September 27th 2017

World / Africa & Diaspora

Gambia's General says Army won't defend Jammeh's dictatorial rule

With the tensions building up, at least 26,000 Gambians, fearful that violence could erupt, sought refuge in Senegal this week, but the army commander's statement has assured some countrymen that the soldiers won't enforce the defeated president's rule.

By Free Press Correspondentnewsdesk@kenyafreepress.comThursday, 19 Jan 2017 10:35 EAT

President Yayah Jammeh.

As the deadline for Gambian President Yahya Jammeh to hand over power expired yesterday and Senegalese troops marched on the border, the country's army chief Ousman Badjie has said his troops will not counteract Senegalese soldiers marching on the border to enforce a presidential succession. The General was quoted by AFP news agency saying: "We are not going to involve ourselves militarily, this is a political dispute," he said. "I am not going to involve my soldiers in a stupid fight. I love my men."

Mr Jammeh has ruled The Gambia since taking power in a coup in 1994 but lost elections two months ago to an opposition challenger. Wednesday was meant to be his last day in office but the parliament he controls granted him three more months in the post. Adama Barrow, who beat him in the elections last, is due to be inaugurated as the new president today, but Mr Jammeh has ignored the deadline and clung to power.

The president initially accepted that Mr Barrow had won the election but later reversed his position and said he would not step down. He declared a 90-day state of emergency calling for "peace, law and order" after what he said were irregularities in the election process. With the tensions building up, at least 26,000 Gambians, fearful that violence could erupt, sought refuge in Senegal this week, but the army commander's statement has assured some countrymen that the soldiers won't enforce the defeated president's rule.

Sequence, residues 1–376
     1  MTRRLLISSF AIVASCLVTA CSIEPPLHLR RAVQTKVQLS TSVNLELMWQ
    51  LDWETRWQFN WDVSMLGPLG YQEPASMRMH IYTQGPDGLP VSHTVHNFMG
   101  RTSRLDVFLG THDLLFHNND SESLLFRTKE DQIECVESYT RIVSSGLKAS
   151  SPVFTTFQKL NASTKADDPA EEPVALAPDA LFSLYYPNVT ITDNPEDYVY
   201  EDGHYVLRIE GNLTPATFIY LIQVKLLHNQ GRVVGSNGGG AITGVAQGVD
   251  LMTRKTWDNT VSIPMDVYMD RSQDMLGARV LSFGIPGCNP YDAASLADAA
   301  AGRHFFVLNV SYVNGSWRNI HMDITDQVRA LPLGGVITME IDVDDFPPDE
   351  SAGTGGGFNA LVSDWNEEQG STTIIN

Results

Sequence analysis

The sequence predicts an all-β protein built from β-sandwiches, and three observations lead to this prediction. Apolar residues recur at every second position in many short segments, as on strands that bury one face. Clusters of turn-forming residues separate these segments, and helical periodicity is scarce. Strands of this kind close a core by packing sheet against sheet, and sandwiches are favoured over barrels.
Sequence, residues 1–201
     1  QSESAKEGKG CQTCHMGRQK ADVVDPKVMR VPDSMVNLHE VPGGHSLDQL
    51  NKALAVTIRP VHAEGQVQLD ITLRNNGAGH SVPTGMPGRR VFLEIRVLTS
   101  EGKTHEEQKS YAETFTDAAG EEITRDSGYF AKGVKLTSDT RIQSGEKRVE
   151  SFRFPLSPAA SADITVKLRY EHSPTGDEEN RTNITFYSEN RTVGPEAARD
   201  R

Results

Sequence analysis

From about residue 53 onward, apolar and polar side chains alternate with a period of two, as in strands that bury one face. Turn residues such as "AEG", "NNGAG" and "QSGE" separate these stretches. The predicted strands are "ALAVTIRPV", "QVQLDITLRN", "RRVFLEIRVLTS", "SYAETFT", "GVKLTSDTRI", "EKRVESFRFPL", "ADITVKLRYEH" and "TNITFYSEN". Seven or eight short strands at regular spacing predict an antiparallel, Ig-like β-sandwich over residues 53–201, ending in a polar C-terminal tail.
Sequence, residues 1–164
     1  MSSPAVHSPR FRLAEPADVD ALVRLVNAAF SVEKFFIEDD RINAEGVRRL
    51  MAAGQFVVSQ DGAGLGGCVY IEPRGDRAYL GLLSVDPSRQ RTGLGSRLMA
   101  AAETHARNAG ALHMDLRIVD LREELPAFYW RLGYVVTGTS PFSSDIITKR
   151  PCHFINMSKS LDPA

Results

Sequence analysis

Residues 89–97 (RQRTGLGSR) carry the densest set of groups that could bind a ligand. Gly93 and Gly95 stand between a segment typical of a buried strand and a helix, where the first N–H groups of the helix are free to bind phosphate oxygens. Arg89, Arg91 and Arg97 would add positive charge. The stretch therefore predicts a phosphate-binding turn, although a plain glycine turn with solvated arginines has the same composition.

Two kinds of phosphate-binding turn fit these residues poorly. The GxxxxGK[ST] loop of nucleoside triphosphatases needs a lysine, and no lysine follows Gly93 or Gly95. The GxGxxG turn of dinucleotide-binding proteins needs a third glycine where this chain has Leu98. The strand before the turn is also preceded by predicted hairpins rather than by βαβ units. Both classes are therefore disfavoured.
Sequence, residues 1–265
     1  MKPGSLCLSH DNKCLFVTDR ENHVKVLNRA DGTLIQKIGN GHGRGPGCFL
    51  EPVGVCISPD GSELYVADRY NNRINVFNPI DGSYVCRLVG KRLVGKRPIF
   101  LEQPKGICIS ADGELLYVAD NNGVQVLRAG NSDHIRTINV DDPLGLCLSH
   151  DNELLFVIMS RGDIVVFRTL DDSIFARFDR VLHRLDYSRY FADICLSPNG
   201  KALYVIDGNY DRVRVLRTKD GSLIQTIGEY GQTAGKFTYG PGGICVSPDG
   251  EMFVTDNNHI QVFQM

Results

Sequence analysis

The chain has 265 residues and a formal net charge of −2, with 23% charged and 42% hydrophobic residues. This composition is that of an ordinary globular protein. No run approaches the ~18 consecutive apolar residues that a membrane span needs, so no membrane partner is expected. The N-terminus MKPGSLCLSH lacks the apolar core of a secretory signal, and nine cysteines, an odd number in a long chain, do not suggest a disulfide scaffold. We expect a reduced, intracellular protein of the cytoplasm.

West Africa's intergovernmental body Ecowas mandated Senegal to lead a military intervention for peaceful transfer of power because the country surrounds The Gambia. Col Abdou Ndiaye, a spokesman for the Senegalese military, told BBC Ecowas had decided on the deadline to try to achieve a diplomatic solution. "Things are getting into place and Ecowas forces are ready to intervene if needed after midnight if we can't find a diplomatic solution to the Gambian crisis," he said.

But late on Wednesday, the diplomatic efforts had all but crumbled. Mauritanian President Mohamed Ould Abdel Aziz failed to break the deadlock at last-minute talks with Mr Jammeh. Mr Abdel Aziz flew in to the Gambian capital Banjul on Wednesday evening to meet Mr Jammeh before flying on to Dakar airport for further discussions with Mr Barrow and Senegal's President Macky Sall. "I am now less pessimistic [that Mr Jammeh] will work on a peaceful solution that is in the best interest for everyone," Mr Abdel Aziz said.

From Uganda to Congo and Ethiopia, African incumbents who have rigged themselves in recent elections have relied on the military to enforce their edicts. It remains to be seen whether the Gambian army will disobey Jammeh's orders.

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